[stunnel-users] Why does verify=3 require the entire cert chain to be present in cafile?

Jochen Bern Jochen.Bern at LINworks.de
Wed Nov 2 13:05:24 CET 2011

On 11/02/2011 12:08 PM, al_9x at yahoo.com wrote:
> On 11/2/2011 6:39 AM, Ludolf Holzheid wrote:
>> On Wed, 2011-11-02 05:41:57 -0400, al_9x at yahoo.com wrote:
>>> The concept of trusted server certs (as opposed to trusted authority
>>> certs) is well established.  Firefox cert manager, for example, has a
>>> servers tab where you can import and trust specific server certs (self
>>> signed and not)
>> And Firefox accepts such certificates even if they can't be validated
>> (and thus are to be considered invalid)?I would regard this as a bug
>> or at least as a design flaw...

FWIW: Yes, that's what web browsers do. That's because they live in the
world of the WWW, which adopted HTTP+SSL primarily as a means to achieve
secrecy (encryption) and would (well, most of them) happily drop
authentication (server certs) on the floor *if only* the SSL standards
allowed that. Self-signed server certs created automagically the first
time you start your newly installed webserver software express the same
stance. In this notion, the server key+cert pair *really* is nothing but
a glorified challenge-response mechanism, no third parties required.

For the exact same reason, Firefox et.al. do *not* use OpenSSL or any
work derived thereof as their SSL engine, do not identify certificates
the same way OpenSSL does (hash numbers), etc. etc..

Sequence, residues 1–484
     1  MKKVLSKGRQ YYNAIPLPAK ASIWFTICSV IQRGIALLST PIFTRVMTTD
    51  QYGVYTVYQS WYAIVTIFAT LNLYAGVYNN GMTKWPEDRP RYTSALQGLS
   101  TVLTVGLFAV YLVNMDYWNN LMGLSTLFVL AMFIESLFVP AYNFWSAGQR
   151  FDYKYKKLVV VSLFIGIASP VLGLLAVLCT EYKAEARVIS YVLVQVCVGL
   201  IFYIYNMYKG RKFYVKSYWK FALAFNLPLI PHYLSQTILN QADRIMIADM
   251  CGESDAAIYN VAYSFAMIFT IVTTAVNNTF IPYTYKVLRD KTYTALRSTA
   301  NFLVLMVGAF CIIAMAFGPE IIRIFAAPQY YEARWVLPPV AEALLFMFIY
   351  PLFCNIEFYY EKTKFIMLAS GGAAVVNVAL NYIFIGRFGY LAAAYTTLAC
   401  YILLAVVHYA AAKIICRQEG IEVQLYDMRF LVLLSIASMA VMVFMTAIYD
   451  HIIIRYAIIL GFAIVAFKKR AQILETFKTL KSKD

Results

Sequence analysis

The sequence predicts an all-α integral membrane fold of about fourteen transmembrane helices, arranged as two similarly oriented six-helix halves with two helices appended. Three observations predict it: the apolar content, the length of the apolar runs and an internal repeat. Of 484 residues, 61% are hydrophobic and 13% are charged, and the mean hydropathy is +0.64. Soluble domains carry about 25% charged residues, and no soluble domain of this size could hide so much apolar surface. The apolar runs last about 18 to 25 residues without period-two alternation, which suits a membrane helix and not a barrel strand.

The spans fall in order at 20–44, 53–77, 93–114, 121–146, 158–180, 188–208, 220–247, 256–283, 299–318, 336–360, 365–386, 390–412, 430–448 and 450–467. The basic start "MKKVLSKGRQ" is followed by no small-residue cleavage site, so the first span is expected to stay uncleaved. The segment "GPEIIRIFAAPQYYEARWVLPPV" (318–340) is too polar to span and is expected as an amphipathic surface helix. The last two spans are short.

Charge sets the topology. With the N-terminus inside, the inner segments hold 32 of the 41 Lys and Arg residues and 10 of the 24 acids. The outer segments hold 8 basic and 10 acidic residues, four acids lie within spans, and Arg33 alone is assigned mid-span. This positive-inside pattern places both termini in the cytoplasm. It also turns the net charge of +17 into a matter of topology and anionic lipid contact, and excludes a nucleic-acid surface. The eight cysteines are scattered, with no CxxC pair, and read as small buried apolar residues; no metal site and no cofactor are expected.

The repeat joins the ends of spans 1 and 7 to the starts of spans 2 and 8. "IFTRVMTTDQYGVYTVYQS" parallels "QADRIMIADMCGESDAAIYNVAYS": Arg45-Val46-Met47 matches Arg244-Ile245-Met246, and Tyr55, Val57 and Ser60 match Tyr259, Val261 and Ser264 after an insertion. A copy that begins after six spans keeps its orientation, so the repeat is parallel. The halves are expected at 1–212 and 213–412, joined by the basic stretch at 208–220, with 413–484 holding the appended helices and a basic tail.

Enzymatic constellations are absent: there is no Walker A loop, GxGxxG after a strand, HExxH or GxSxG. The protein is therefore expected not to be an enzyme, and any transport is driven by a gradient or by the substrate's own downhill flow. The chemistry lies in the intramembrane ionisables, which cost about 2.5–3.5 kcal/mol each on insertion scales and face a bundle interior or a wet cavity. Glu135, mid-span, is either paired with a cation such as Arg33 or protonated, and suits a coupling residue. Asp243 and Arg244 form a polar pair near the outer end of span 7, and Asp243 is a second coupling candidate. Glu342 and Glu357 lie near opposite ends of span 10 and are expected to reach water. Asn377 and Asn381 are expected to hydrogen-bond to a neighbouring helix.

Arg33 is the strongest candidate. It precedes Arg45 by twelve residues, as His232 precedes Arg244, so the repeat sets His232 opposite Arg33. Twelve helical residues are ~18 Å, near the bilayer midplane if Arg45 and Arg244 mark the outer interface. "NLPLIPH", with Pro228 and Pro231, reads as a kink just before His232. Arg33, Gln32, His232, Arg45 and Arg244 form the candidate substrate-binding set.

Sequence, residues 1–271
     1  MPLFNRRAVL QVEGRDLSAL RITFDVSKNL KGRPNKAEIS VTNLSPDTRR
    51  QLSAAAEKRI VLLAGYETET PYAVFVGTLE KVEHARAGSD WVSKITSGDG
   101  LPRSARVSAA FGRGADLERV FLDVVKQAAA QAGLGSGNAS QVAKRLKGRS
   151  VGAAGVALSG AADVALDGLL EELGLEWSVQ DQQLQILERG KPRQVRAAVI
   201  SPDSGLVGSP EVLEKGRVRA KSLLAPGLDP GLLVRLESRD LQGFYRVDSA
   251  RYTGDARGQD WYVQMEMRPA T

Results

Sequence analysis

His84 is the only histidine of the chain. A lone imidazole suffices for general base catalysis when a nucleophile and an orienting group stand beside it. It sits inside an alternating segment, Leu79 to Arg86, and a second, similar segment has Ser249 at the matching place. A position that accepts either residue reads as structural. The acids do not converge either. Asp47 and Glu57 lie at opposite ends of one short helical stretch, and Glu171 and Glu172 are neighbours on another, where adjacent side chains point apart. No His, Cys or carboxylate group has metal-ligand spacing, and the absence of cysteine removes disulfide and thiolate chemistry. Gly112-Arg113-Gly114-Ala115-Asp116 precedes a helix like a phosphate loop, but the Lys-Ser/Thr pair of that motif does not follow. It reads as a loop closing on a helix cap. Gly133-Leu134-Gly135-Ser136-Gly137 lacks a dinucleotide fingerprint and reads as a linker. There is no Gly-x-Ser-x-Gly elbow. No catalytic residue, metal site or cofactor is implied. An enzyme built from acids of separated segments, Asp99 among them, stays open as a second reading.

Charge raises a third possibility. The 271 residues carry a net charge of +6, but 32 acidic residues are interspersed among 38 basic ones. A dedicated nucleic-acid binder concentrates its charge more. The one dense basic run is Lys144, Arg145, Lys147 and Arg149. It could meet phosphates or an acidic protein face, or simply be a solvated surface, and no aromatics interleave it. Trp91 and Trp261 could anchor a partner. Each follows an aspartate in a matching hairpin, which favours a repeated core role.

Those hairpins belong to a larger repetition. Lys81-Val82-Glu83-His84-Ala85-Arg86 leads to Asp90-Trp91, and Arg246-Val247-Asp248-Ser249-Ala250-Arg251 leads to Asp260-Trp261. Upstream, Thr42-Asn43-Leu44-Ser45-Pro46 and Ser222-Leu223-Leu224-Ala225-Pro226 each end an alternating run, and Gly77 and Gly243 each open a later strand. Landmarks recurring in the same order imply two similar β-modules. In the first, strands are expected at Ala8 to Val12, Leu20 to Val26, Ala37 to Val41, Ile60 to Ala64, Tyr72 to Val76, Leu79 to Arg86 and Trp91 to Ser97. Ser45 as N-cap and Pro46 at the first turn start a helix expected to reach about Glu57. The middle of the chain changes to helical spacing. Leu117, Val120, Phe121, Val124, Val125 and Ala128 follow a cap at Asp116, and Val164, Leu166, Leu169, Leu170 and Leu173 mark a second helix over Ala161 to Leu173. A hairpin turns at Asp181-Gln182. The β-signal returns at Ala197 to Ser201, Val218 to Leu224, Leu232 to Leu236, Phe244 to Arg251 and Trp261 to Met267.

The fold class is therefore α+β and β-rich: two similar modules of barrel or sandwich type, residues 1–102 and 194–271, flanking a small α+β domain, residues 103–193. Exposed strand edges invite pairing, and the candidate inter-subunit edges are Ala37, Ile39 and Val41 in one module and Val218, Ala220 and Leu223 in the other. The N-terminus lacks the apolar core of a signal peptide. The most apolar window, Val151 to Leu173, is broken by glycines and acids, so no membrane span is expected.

> They *are* validated, by the user's explicit grant of trust to the
> imported server cert.  The flaw is not in Firefox but your understanding
> of trust.  The reason you walk the trust chain to a trusted root is
> because normally (standard PKI model) you don't trust individual server
> certs, but only CA roots.  However if (for whatever reason) you do
> explicitly trust a server cert, no further validation is needed.

Whether "the PKI model" ***ALLOWS*** overlaying a Web of Trust in
addition to the hierarchical structure is debatable. As I already
mentioned, not going through the CA certs effectively disables
(automated) CRL checking, which is a pretty dubious "improvement".

And since I'm already rephrasing myself, I *still* think that OpenSSL
based software - like stunnel - actually can't do squat to implement
your proposed behavior.

								J. Bern
Jochen Bern, Systemingenieur --- LINworks GmbH <http://www.LINworks.de/>
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